side towards which he leans.

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Unequivocalness, straightforwardness, en-devil.” We all know the thousand little tireness, are characteristic of the man who is things that help or hinder holiness-tempers, “simple unto that which is evil.” In the lusts, casual feelings, incidental doings. We domain of neutral things—things which can all know that to strive against evil checks and scarcely be classed as either good or evil- weakens evil

, strengthens the power of good, the simple-hearted man will always give the creates habit—"we cease to do evil, learn to doubt to the virtuous side. He will keep as do well.” The discipline of life re-acts far from evil as possible ; "avoid the very powerfully upon the temper and strength appearance of evil.”

of life. Can too great moral importance be at- We may also culture incitements to goodtached to simple, unequivocal speech ; the ness-impulses, inducements. “I have set absence of ambiguity, casuistry, double mean- God always before me," keeping the thought ings, suggestions of what we do not exactly of God prominent and dominating. Men do intend, then meanly evading the responsi- not easily sin when they think of God; in bility of our suggestion ?

all sin there is somewhat of atheism, God “Simple unto that which is evil”-inca- is either denied or forgotten. We may do pable, therefore, of base, mean suspicions of much to fill life with the sense of God, His other men ; thinking evil, imputing mean mo- pure moral beauty, His loving fatherhood. tives, the absence of noble generosity and We may make ourselves familiar with faith. Mean souls always suspect meanness large and lofty spiritual ideas, with ideal in others. Half of our vile suspicions, our conceptions, with notable examples of holibase detraction of others, is simply the re-ness, such as we find in the Bible. What a flection, the refraction, of our own bad mighty moral effect upon character the hearts. Noble natures are incapable of mean thoughtful reading of such a book has ! suspicions; they are ‘simple unto that We may utilise the public worship of which is evil ” because evil has no place in God, in which the loftiest spiritual thoughts themselves.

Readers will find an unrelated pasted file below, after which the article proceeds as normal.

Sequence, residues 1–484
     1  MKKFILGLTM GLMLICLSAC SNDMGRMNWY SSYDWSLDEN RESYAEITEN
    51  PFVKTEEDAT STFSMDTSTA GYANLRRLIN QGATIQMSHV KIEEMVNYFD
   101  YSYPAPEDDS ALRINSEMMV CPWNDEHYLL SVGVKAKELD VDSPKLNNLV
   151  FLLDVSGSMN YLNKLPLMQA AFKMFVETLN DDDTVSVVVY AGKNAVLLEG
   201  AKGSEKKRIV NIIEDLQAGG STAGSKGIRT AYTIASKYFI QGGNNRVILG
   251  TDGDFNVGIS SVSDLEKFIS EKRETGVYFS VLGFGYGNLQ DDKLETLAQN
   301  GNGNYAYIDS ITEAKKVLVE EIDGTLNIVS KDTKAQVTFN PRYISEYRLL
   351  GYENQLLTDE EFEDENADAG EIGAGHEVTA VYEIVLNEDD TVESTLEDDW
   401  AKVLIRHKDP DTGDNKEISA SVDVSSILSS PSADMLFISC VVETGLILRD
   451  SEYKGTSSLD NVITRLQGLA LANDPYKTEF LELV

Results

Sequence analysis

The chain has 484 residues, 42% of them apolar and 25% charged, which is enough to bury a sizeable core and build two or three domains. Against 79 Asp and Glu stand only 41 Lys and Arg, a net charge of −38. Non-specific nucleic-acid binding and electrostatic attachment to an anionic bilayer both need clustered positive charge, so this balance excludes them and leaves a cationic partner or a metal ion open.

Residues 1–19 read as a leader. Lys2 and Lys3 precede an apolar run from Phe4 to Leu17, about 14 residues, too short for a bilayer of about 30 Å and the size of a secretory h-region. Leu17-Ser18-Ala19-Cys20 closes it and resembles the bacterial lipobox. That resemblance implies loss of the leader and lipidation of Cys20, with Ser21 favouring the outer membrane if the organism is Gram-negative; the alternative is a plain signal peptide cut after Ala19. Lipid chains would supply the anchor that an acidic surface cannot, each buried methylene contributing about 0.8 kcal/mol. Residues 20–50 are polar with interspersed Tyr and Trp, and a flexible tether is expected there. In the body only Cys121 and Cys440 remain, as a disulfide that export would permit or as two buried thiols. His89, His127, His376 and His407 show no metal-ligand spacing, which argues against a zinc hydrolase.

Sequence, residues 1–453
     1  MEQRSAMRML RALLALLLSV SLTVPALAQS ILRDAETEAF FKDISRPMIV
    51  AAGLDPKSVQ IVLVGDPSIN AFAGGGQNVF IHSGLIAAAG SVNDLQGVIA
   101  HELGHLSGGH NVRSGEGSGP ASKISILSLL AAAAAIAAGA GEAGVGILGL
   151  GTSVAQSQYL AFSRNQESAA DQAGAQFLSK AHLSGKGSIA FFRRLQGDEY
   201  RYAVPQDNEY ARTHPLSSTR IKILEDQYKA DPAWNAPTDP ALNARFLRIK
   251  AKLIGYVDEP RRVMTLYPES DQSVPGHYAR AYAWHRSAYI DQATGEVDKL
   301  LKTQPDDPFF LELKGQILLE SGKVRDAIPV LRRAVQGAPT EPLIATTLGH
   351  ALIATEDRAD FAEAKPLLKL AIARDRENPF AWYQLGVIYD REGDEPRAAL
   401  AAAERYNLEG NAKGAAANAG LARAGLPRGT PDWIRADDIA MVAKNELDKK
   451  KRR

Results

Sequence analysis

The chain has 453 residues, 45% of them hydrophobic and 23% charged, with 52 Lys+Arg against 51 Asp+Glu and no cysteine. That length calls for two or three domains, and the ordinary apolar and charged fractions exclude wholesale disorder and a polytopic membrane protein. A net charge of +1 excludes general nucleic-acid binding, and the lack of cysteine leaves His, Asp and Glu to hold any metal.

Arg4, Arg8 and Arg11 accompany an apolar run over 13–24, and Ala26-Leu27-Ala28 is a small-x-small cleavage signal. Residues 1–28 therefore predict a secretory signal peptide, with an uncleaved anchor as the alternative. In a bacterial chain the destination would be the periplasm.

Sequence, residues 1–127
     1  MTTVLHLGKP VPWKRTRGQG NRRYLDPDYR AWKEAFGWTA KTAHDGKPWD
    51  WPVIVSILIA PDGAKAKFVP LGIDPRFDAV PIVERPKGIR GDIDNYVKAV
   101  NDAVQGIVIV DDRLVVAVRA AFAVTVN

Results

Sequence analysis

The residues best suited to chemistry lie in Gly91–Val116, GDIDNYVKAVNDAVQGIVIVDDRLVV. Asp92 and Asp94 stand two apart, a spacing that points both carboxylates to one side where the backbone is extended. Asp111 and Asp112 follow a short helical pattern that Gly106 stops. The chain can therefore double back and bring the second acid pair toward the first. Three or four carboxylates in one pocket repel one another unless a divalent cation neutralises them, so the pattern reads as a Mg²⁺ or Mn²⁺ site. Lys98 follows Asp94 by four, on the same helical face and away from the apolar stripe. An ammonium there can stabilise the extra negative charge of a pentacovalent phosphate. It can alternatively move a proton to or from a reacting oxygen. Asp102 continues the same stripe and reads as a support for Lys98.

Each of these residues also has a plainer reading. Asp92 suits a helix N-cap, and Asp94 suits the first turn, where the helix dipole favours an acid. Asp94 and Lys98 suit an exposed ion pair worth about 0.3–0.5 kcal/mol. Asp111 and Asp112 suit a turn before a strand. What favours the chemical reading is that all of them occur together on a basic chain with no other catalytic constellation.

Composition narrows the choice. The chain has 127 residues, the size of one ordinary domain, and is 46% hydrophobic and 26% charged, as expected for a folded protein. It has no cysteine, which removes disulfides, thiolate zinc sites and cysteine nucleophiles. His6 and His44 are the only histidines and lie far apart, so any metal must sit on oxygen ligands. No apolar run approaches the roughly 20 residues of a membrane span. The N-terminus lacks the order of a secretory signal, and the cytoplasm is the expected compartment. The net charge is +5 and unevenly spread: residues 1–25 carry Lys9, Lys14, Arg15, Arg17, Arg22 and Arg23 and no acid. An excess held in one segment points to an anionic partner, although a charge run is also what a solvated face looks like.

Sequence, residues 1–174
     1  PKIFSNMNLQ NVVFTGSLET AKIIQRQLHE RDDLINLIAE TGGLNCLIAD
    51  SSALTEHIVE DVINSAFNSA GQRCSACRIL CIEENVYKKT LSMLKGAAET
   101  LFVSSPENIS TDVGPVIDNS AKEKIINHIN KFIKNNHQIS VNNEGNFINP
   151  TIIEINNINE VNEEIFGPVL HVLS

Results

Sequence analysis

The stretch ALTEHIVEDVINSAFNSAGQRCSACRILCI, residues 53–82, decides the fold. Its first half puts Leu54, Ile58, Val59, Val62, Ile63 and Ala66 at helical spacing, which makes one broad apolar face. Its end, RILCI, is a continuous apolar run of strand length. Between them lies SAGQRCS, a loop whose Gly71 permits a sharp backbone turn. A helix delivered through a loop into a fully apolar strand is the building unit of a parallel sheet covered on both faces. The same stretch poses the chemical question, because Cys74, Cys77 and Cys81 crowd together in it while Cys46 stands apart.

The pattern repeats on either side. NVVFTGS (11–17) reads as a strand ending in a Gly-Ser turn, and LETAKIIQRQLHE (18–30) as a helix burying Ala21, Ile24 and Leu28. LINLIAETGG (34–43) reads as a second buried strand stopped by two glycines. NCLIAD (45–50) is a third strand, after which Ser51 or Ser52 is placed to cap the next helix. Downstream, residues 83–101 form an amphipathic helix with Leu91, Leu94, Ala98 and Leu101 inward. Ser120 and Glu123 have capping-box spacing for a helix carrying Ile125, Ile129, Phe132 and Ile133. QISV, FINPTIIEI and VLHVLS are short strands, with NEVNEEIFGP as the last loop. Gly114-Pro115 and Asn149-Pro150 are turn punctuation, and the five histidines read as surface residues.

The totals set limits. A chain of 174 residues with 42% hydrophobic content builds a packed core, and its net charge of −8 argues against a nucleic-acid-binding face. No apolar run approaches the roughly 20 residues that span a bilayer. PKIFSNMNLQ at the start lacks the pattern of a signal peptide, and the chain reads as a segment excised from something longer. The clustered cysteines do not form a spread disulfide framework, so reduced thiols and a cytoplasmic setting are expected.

and feelings and things are solicited. It speaks ill for the spiritual tone of a man's

heart, when God's house becomes to him a FOURTH SUNDAY,

matter of indifference, when it has ceased to

be a passionate desire. How mightily the So that it is a quality, a temper of life that things of worship help goodness when sought is meant. To be attained, therefore, only for their teaching and impulse ! by the general culture of life. It cannot How can a man grow to spiritual strength be realised by a mere ritual of things, by a and refinement when he is indifferent about mere sentiment, by mere wishes and resolu- things that most conduce to them, when he tions, only by a practical cultivation of sanc- permits himself to drift into profane comtity, refinement, elevation in feeling. A panionship and converse, to read impure ritual homage to goodness, a smirking literature, to saturate mind, imagination, ignoring of evil, prudery, sanctimoniousness and heart with foul ideas! Only a resolute are offensive and unreal. Only the intrinsic eschewing of things that are evil, an asquality of a man's nature can realise this siduous following of things that are good, temper. Innocence cannot be simulated; can make a man wise. you cannot be holy by rubric. You must And this in the spirit of prayerful depenbegin with the sympathies and qualities of dence for that divine influence which alone your heart itself, seek the “renewing of the can quicken life, which alone can vitalise Holy Spirit day by day;" "the end of the all ministries to life, which by making a pure commandment is, love out of a pure heart, and tender atmosphere around us " builds and a good conscience and faith unfeigned ; up the being that we are."

“ Create in me the end of all “ means of grace" is grace a clean heart

, O God, and renew a right itself.

spirit within me." The discipline of life will do much-a What a grandeur there is in Christianity! watchful restraint, so that no evil feeling is How radical its method of dealing with permitted to embody itself in action, so that human ills, how potent its agencies, how no doing or association shall minister to evil transcendent its issues! How blessed human feeling. We cannot become good by merely life would be were its processes wrought wishing to be good; strenuous battle must out, its ideal realised; were be waged against the evil within and the unto that which is good and simple unto evil without, “ the world, the flesh, and the that which is evil!"